Most quant models are designed to work at CI90%, but no more

Different risk quantifications for different decisions and different risk appetites. It is important to bring confidence intervals and confidence levels into the conversation. Most quant models are fine at 90% confidence interval, this means they purposefully exclude 5% best cases and 5% worst cases. This also means that if someone wants to use them for rare and catastrophic event, they will not work.

Let me repeat this very important idea – most models are specifically designed in a way to ignore worst rare catastrophic black swan cases. By design. Because knowing the body of the distribution with even a very high level approximation of the tail can still help decision makers and save a loooooooooooooot of money. We saved $13M just last year with models simpler than I originally anticipated, check out my RAW2022 workshops on this. We actually purposefully went from complex to simplified models. Still saved.

Models at CI90% are used for budgeting, simple mitigations, normal day to day decision making. They ARE NOT used for stress testing, insurance or business continuity.

Does it make risk quantification useless? No silly. It just means models have limitations, which good risk managers are transparent about and disclose them in the methodology section of the risk analysis. And we use models for solving problems they can solve, not the solving every problem under the sun. Taleb said it best, if there is a chance of ruin, better hedge for it.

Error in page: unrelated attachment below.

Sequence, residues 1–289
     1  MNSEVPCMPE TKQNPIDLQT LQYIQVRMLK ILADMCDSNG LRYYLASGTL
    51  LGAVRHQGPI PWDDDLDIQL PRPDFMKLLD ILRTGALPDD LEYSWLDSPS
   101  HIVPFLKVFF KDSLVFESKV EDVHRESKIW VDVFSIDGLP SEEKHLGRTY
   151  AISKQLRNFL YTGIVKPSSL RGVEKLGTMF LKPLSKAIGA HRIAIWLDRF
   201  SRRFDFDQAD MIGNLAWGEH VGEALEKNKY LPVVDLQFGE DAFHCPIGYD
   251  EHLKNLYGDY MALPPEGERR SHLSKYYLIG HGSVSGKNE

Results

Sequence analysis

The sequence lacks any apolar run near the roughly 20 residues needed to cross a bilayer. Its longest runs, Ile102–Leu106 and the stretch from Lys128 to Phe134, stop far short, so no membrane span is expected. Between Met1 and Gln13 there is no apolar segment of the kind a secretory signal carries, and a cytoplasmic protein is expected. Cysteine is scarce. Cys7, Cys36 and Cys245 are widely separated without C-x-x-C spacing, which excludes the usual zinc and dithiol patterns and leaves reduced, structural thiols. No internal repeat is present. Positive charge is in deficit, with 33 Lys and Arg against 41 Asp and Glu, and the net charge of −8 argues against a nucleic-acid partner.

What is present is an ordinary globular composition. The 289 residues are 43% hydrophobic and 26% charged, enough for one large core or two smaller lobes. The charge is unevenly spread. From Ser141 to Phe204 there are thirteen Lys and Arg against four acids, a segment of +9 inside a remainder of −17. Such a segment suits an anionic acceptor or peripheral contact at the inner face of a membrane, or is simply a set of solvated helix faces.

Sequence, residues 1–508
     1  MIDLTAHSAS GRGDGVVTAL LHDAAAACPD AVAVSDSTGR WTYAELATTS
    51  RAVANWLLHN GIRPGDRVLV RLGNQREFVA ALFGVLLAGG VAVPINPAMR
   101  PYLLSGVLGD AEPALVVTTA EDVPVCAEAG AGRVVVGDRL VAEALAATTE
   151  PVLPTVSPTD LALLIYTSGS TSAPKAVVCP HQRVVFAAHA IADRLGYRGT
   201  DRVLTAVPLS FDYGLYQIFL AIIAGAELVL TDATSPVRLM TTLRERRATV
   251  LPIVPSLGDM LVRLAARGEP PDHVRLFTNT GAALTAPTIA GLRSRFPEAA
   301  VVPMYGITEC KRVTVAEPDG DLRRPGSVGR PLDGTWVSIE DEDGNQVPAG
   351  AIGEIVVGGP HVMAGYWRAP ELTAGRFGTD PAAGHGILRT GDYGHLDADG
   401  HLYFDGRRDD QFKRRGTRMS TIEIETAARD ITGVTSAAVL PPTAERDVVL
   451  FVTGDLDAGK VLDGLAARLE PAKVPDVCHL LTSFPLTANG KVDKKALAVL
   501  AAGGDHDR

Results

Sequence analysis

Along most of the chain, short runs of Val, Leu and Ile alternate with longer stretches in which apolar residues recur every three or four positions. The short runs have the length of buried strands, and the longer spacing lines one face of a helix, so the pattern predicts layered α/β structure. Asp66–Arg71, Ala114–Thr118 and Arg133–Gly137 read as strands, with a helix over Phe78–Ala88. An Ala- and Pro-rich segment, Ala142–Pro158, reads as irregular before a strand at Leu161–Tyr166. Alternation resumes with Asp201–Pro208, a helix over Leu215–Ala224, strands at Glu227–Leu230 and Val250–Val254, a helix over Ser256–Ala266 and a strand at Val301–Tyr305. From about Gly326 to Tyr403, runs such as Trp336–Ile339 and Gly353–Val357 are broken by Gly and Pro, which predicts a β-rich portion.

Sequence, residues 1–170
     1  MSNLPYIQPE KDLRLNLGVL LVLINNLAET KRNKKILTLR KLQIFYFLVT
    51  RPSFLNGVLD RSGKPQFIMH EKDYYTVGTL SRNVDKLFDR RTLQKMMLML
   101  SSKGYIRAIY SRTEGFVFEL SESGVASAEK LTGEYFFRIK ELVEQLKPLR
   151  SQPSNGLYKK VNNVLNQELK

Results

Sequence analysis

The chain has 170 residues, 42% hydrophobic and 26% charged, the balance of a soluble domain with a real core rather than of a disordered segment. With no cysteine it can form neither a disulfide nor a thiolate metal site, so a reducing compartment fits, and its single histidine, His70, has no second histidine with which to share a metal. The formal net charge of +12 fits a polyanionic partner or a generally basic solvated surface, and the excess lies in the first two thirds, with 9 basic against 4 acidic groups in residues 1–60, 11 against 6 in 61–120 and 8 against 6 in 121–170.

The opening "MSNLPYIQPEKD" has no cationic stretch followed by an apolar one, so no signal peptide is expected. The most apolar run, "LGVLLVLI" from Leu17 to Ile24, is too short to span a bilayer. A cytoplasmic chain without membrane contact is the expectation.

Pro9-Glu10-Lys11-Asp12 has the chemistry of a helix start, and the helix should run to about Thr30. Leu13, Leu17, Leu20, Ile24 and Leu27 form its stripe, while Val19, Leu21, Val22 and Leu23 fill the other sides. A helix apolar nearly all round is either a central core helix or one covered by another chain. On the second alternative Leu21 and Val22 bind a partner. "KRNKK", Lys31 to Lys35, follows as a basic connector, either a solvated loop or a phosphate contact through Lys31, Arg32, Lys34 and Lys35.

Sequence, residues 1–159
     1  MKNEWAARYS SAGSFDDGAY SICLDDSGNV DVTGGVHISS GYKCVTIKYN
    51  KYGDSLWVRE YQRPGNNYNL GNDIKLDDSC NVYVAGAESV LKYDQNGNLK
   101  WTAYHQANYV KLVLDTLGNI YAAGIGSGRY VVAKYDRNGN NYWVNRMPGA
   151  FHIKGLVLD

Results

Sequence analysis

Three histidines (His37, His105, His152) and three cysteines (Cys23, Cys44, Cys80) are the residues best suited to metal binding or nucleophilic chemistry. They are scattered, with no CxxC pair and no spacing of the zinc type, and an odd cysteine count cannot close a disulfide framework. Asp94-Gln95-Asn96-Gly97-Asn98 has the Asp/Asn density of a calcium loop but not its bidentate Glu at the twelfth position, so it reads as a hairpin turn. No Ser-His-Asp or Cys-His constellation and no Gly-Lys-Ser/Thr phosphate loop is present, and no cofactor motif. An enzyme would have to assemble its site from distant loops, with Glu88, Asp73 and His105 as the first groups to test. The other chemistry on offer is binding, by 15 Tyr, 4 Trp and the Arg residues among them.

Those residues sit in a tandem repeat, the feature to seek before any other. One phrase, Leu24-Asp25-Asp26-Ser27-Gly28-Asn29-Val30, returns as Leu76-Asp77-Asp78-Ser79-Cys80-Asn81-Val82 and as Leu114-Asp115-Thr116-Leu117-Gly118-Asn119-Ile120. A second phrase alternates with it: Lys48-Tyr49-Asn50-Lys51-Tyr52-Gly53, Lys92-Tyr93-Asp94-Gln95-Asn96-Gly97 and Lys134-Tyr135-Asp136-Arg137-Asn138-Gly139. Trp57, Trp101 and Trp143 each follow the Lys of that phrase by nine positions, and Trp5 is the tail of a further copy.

Did I forget some other excuses or arguments? Write in the comments. Will probably end up adding to this article later, have to run and pick up kids from the school.




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2 thoughts on “The lamest excuse for not quantifying risk and you are probably guilty of it too…

  1. You can’t predict a breach. All you can do is estimate the likelihood of the points in the range based on information available, which unfortunately changes all the time.

    1. It is not risk managers job to predict the breach, risk managers job is to test whether a breach may have a significant effect on objectives (it does) and flag to risk owners to mitigate. Sometimes it is necessary to estimate EL and UL to determine budget available for mitigation